It would make us all very proud.
But in the next six days we also must also visualize the anguish we would feel if we are not successful -- if we let this possibility slip through our fingers. It is entirely possible. Undecided voters may very well break for John McCain and Sarah Palin. The other side will not go quietly. They will continue to smear. They will attempt to suppress the vote. They will use every tool at their disposal.
Let's remember that we actually won the election in 2000. Yet because of their resourcefulness and tenacity, the right has held the White House for the last eight years.
Fundamentally we have to bring out such a wave of voters that this election will not be close enough to steal. And we have to remember that in any given swing state, just a few votes in each precinct could decide what direction our society -- and the entire world -- takes in the generation to come.
In 2000 my political consulting firm managed an excellent field program for a great candidate for Congress in South Florida. Our people did a great job. But in the end of the day, we lost by around 500 voters. They were the same 500 votes that cost Gore the presidency.
Had each of our Election Day volunteers simply recruited one more vote per precinct, the world would have been spared the nightmare of the Bush Presidency.
Next Tuesday, when your watch shows that the polls are due to close in 15 minutes -- and you are satisfied that you have worked your heart out all day -- don't stop. Go get one more voter. That voter -- multiplied by all of the precincts in that state -- could easily be the difference between a new progressive era and four more years of Bush-McCain-Conservative government.
And that is the attitude we all must have every waking minute of the next six days.
Remember the deep depression -- the emptiness you felt after the loss in 2004. It would be much worse this time.
Think how you would feel watching John McCain and Sarah Palin taking the oath of office on January 20.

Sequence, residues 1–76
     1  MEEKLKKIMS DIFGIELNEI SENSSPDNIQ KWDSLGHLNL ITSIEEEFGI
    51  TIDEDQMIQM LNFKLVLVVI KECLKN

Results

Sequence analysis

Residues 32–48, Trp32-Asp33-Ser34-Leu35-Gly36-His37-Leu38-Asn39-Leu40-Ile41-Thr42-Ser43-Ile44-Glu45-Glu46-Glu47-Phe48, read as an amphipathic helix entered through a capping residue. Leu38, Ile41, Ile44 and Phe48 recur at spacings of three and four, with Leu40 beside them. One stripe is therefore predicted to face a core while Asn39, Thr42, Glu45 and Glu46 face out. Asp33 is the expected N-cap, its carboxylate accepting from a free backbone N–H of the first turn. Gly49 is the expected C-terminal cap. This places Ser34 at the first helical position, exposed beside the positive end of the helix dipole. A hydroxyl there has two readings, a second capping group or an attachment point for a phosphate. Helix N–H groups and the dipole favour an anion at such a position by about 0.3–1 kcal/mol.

The same year Martin Luther King made his "I Have a Dream Speech," John Kennedy gathered in the White House Situation Room with his closest advisers to confront the Cuban Missile Crisis. The decisions they made in that room could easily have lead to the nightmare of nuclear war.
I have often been glad that George Bush, Dick Cheney and Don Rumsfeld were not in that room. God knows what the outcome might have been.
For each of the next six days, think about John McCain and Sarah Palin in that room. Worse yet, think of Sarah Palin as commander in chief in that room.
We can almost taste the sweetness of the historic progressive victory that is possible next Tuesday. Now it is up to each and every one of us to take personal responsibility to grab that ring of victory and hold it firmly in our grasp - to refuse to let this historic opportunity slip away.
Time to empty the stands -- get onto the playing field. Stop just checking the poll results and go change them. For the next six days drop whatever else you are doing. Whatever it is, it's simply not as important. Put off the errands, the home projects, the project and work. Take vacation days.
Volunteer to knock on doors, make phone calls, protect the vote. Go talk to your neighbors, put up signs. Drag your friends and neighbors to the polls. Don't take no for an answer. This time friends don't let friends not vote.
Obsess about what it will feel like to win -- and how horrible it would be to lose. And let that obsession motivate you to make history -- to make this the six days that change the world.
Robert Creamer is a long-time organizer and political strategist, and the author of the recent book "Stand Up Straight: How Progressives Can Win," available at www.amazon.com''